The Clean Slate law enables individuals convicted of marijuana-related offenses, such as possession, use, or possession of paraphernalia, to seek expungement without a waiting period. This means that individuals with convictions related to conduct that would no longer be considered illegal after December 6, 2018, can now request the court to set aside their convictions. The absence of a waiting period and the absence of a limit on the number of expungements for marijuana convictions distinguish this rule from others.
When seeking an expungement for a marijuana conviction, the burden is on the prosecution to contest the request. Unlike objections for other convictions, the prosecution cannot cite the presence of additional convictions on the record but may argue that the conduct leading to the conviction remains illegal. For instance, if the initial charge was possession with intent to distribute but was later pleaded down to simple possession, the prosecution might contest the expungement on the grounds that the conduct was still illegal.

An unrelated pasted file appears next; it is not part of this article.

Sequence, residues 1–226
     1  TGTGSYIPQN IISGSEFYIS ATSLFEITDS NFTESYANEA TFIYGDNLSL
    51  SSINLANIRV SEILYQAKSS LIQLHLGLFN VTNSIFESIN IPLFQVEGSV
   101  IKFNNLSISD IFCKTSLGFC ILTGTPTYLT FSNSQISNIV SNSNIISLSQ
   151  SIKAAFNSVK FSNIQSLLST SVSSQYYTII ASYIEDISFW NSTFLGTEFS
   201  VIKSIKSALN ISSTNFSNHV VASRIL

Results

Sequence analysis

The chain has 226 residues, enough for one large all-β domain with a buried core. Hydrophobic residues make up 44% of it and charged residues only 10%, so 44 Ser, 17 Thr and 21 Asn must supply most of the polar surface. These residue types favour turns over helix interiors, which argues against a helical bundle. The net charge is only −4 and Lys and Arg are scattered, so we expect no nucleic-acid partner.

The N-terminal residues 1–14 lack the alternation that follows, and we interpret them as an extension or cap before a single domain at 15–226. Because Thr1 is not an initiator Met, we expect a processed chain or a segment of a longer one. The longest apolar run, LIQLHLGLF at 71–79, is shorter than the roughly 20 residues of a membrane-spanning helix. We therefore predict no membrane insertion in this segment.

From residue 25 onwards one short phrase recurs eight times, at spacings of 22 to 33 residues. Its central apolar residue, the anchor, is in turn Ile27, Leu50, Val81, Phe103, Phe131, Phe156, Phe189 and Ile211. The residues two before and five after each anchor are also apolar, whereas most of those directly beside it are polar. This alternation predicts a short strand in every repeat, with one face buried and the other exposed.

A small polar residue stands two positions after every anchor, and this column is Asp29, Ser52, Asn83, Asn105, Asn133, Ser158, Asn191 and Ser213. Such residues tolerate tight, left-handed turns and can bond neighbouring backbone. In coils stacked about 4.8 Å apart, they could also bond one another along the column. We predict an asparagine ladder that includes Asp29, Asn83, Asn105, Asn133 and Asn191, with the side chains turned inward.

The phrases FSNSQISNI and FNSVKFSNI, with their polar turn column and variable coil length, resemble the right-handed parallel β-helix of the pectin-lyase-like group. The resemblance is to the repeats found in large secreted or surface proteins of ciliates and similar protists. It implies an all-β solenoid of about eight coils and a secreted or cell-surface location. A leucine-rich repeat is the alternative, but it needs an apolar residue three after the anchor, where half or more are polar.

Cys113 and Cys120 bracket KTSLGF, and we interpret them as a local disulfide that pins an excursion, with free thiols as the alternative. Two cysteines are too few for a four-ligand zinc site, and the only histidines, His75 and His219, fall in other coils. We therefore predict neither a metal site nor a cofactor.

If the prosecution raises objections, a court hearing will be conducted to determine the validity of the expungement. Importantly, the new law establishes a rebuttable presumption that the conduct leading to marijuana-related offenses is no longer illegal. Therefore, the onus is on the prosecution to demonstrate why the individual does not qualify for expungement or why setting aside the conviction would be inappropriate. In cases where the prosecution does not file an answer, the court is obligated to grant the expungement request.
It’s crucial to note that individuals seeking expungement for marijuana convictions must file their requests with the convicting court. This implies that if multiple marijuana convictions exist across different counties, separate applications must be submitted to each respective county. Michigan’s Clean Slate law represents a significant step forward in recognizing the evolving legal landscape surrounding marijuana and providing individuals with a pathway to a clean record.